appreciating the good in life
My friend often finds herself smiling in the dark just after switching off her bedside lamp.

She has a daughter named Claire.  Claire is an adorable five-year-old who was born with a heart defect that has already required open-heart surgery once.

The smallest airborne virus poses a particular threat to Claire’s body because of her vulnerability to life-threatening pneumonia.

Fortunately, Claire’s mother has some good coping skills for dealing with the stress.  Each night, before drifting off to sleep, she and her husband recall the funny things Claire has done during the day.

Claire has an adventurous spirit.  She’s always laughing, inventing games, or trying to argue her way out of punishments for ideas she took a little too far.

My friend practices the art of “taking in the good,” which is the term used by neuroscientist, Rick Hansen in his book, Hardwiring Happiness: The New Brain Science of Contentment, Calm, and Confidence.

By recounting the funny things Claire did during the day, she develops the habit of appreciating what is good.

Rick Hansen advises us to practice this with all kinds of small things.  He gives a personal example of peeling an orange, which he does several times each day.

He allows himself to focus on the delicious citrus smell as he peels the orange… purposefully allowing himself to wonder at the fact that no one else has ever seen the inside of this particular orange.

He allows himself to slow down and savor the taste of the orange inside, purposefully appreciating the good flavor.

He calls this “taking in the good” because it is a mental act of encouraging the mind to focus on the good things in life… even the seemingly insignificant good things.

By doing so, we actually rewire our brains over time.  We develop a mental habit that causes us to be happier people.

It happens gradually.  The brain develops stronger neural circuits associated with the habit of noticing what is good and appreciating the small things in life as it unfolds.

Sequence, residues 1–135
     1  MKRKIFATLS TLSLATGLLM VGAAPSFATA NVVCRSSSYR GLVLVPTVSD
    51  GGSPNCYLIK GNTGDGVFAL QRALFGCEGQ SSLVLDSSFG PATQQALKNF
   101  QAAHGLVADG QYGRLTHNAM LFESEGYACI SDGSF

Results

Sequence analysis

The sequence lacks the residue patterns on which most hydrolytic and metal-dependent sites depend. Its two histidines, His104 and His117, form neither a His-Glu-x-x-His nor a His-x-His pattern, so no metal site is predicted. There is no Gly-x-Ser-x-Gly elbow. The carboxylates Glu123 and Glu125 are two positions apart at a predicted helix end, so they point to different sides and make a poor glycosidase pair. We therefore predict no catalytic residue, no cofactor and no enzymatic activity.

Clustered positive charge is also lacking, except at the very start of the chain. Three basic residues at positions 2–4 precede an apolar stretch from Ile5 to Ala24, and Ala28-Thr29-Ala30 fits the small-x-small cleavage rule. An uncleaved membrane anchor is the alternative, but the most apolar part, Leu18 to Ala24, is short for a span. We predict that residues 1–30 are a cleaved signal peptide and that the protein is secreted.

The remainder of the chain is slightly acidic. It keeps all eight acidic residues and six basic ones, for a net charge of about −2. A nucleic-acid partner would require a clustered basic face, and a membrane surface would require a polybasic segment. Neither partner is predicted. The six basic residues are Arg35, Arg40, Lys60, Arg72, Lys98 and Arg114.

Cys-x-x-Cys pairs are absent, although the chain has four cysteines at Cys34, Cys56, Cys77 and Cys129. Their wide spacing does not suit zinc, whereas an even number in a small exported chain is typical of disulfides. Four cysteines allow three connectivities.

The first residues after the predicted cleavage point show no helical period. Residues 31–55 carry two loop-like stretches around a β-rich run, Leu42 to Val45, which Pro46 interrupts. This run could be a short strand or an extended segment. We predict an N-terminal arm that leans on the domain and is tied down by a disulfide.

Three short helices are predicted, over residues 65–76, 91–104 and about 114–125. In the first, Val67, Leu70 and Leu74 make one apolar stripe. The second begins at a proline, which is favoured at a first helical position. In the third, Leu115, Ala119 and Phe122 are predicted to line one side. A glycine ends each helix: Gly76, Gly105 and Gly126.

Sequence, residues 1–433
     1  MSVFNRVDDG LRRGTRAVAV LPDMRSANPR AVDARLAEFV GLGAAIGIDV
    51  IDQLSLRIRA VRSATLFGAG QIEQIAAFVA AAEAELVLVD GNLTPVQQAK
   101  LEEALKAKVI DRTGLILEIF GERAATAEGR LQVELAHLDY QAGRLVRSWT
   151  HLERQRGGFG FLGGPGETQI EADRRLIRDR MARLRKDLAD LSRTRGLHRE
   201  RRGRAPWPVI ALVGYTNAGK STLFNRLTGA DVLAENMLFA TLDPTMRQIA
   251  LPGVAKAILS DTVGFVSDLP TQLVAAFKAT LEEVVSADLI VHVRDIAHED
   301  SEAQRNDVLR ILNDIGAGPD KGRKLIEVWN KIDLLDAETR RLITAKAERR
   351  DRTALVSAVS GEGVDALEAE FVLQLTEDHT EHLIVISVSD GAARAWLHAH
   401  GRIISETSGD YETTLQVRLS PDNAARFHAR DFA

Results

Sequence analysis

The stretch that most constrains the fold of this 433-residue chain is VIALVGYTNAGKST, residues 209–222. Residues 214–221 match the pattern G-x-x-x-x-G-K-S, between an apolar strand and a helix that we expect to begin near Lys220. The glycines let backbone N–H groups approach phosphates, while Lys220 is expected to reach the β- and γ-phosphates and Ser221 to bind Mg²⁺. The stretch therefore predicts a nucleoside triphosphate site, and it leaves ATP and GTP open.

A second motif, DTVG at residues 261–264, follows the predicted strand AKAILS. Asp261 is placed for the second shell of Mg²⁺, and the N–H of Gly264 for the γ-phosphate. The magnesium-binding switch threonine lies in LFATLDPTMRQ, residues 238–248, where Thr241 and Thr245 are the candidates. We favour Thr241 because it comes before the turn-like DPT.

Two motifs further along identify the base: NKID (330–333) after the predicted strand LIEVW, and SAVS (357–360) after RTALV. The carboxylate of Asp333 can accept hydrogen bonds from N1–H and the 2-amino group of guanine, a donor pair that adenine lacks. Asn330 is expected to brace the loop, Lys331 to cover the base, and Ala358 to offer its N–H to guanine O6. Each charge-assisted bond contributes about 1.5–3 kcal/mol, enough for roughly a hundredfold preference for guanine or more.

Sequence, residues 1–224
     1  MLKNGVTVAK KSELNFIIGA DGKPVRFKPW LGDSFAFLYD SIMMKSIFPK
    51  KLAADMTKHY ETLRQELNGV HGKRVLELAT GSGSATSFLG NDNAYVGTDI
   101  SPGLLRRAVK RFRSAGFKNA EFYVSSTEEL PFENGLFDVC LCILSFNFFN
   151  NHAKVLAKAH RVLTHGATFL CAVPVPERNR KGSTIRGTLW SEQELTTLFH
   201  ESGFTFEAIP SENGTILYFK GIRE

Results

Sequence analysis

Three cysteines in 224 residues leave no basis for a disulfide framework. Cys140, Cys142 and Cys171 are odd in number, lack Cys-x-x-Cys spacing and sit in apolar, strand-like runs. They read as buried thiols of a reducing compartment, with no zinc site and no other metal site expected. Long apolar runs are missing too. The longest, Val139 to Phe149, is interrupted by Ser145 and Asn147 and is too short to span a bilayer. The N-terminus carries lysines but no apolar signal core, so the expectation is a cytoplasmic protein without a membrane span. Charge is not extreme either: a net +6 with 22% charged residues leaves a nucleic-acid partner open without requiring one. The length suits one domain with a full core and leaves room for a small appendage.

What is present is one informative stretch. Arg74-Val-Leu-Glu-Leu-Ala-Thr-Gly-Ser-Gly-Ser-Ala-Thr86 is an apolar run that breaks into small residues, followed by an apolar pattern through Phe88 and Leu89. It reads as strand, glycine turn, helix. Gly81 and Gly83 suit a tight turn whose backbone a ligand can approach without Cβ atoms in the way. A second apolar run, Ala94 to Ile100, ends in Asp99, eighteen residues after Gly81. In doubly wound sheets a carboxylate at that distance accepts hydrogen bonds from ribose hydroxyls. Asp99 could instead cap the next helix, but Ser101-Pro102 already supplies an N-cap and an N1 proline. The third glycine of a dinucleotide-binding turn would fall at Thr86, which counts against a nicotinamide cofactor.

I think people who meditate have known this for years. But it’s fun to see scientists unraveling the brain science behind these benefits.

Because you read my emails, you know I put a high value on happiness.  I value happiness for its own sake. But there is a very powerful side benefit.  Which is that happiness tends to attract positive relationships.

appreciating the good in lifeA happy person is more approachable.  A happy person glows because of the way she frequently smiles…a special light in her eyes.

Happiness unlocks mental energy.  That energy shows off your vibrancy, which is particularly sexy.

Is there room in your hectic schedule to practice taking in the good?

You don’t have to do it perfectly or completely.  Pick two aspects of your daily schedule.

Then slow down, focus your mind on what’s good, and capture a memory of that positive experience.

You might think of it as buried treasure.  When you find something to appreciate, you’ve discovered a gem.  It’s a gem of happiness.

These gems are buried at your feet.  They are all around you, but you have to slow down enough to appreciate them and take them in.

As you take them in, you build up a storehouse of treasure within.  The treasure is happiness. And it is the greatest gift you can bring to any man lucky enough to find himself in a relationship with you.

Always on your side,

James Bauer

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